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HJR: How did you find out? AT: German night radio. That’s when I started to listen to these obscure shows. Because I was starting to attend German secondary school, I thought I had to listen to strange music that I couldn’t understand. I imagined it was an integral part of growing up and that I had to endure this to become an adult. But pretty soon I started to embrace and love the music I heard. I would hide under the blanket, pressing the radio to my ear because my parents weren’t supposed to find out. In total darkness I heard Stockhausen or tape music by Pierre Schaeffer or Eliane Radigue, things played backwards or at double speed. I heard it on the radio, so it had to be music. Of course, this then allowed me to play my own tapes backwards at any speed I liked and to experiment with my tape machine. HJR: You owned a valuable tape machine as a teenager? How come? How old were you? AT: I started listening to radio at night when I was maybe twelve. Then I begged my parents to buy me a tape machine. And I finally got one for my fifteenth birthday. But I didn’t realize that I actually owed Beuys, Cage, Sala and Schaeffer respect.

cally talk. It’s not me telling them stuff; it’s us talking together. I basically moderate the conversations of my students when they talk about their own music. Joseph Beuys worked that way, too. HJR: I never had any teachers. But ancestors of mine were church musicians. It’s likely that I have it in my blood. But my path went from noise to sonority. At the present moment, I prefer to play the piano than to experiment with noisy electronics.

teachings for a couple of years, not knowing that he had paved the road for people like me.

Above: Tietchens’ most recent release is a 2012 collaboration with former Cluster and Harmonia member Dieter Moebius, aptly titled Moebius and Tietchens. The pair last recorded together in 1976 for Moebius’ project Lilienthal featuring (amongst others) the legendary Conny Plank on vocals, guitar and synthesizer.

HJR: I was always focused on

myself. I had so much to do that I simply didn’t have any time to study. I always did everything the way I thought it should be done. I never doubted my decisions. I would stay up all night, working on new tracks, when the rest of the band members were already sleeping. It was that way with Cluster and it was the same with Harmonia. AT: What’s your relationship to Karlheinz Stockhausen? HJR: I once attended a lecture of his in Cologne. This must have been around 1969. He entered the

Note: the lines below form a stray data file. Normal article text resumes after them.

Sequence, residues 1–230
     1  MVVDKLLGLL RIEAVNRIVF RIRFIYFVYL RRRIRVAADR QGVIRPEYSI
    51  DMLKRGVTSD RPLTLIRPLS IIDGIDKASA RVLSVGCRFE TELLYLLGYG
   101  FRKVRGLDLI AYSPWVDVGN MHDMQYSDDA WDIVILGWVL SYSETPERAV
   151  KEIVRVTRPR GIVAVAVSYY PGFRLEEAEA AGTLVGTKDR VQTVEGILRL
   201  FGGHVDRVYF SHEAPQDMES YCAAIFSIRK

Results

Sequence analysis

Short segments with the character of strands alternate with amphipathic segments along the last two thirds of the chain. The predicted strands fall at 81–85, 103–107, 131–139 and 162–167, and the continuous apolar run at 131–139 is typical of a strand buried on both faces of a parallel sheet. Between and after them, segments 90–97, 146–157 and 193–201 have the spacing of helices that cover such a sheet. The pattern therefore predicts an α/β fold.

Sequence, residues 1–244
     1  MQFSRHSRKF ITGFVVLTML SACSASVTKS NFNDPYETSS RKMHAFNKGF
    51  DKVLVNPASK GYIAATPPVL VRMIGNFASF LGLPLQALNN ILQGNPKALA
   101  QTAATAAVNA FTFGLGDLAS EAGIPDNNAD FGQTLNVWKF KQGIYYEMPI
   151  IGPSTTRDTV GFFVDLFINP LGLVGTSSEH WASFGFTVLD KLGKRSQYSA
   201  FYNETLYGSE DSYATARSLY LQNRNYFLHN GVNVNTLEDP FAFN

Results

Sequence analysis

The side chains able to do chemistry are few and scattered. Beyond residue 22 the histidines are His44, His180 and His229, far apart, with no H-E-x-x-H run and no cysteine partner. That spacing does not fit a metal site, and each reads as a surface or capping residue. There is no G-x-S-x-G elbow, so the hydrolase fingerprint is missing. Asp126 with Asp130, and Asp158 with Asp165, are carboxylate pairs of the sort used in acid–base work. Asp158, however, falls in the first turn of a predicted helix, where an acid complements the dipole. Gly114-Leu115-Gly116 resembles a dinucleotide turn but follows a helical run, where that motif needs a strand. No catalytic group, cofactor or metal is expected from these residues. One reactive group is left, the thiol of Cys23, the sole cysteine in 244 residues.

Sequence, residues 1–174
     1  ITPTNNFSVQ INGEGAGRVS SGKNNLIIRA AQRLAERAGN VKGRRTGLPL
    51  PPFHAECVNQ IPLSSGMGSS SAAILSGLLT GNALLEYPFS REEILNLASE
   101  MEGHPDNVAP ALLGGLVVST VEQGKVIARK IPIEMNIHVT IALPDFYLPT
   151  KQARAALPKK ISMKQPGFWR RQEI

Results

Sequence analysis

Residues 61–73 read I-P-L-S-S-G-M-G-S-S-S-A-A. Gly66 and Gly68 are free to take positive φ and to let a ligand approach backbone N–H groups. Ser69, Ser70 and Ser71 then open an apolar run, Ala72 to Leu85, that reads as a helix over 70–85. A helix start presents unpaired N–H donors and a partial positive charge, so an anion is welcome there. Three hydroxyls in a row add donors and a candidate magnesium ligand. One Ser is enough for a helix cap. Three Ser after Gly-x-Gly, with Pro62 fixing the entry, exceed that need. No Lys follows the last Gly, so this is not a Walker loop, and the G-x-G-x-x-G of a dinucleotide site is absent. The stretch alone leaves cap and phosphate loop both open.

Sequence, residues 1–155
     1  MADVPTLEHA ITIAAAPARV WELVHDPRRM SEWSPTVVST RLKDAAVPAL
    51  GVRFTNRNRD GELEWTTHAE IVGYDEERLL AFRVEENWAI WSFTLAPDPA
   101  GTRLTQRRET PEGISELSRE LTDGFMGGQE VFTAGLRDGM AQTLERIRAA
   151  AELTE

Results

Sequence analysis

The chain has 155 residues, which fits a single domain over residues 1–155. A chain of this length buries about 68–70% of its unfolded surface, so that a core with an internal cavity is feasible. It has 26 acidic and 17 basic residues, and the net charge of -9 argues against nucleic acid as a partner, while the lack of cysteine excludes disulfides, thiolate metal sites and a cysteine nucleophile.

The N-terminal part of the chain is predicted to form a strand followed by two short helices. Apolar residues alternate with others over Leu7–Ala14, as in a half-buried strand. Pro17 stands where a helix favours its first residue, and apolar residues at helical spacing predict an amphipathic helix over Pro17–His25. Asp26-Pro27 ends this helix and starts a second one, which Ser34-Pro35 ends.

auditorium and then locked the door. The students were forced to stay until he’d finished his lecture. I was shocked. I actually hated him for that attitude. But I regret that I didn’t dig deeper into his music for that very reason. I’d listen to his music, but it wouldn’t touch me. I might be walking on thin ice, but I felt that his music was too thought through. And I know that Conny Plank and Holger Czukay had a much better opinion of him. AT: I never met Stockhausen personally, but of course I know that he mainly wrote serial music and only a tiny bit of his oeuvre consisted of electronic compositions. I started to listen to Stockhausen when I was twelve years old. His “Gesang der Jünglinge” [“Song of the Youths”] was probably my favorite composition back then because it combined singing voices and electronic soundscapes—back in 1955! I was especially blown away by the fact that he had composed his music with audio tape. Stockhausen was absolutely important for the cultural development of post-war Germany. He is famous for claiming that after twelve years of fascism, after Hiroshima and the death camps, music shouldn’t be allowed to be emotional anymore. He wanted a new, objective music that could not be misused by whatever dictatorship. In a way, he said the same thing Adorno did when he claimed that poetry wasn’t possible anymore after Auschwitz. HJR: Well, I still don’t like him. But I can of course see that his thoughts on serial music opened doors for an entire new generation of electronic musicians. I mean, all the legions of contemporary electronic musicians reference Stockhausen and Schaeffer whether they know it or not. AT: What I didn’t know at that time though was the fact that Stockhausen was an arch Catholic until around the time he wrote “Sirius”. But you have to really listen to the lyrics to grasp the fact that the boys in his “Gesang der Jünglinge” are praising the Lord. I once read Texte zur Musik [“Texts on Music”], a very inter-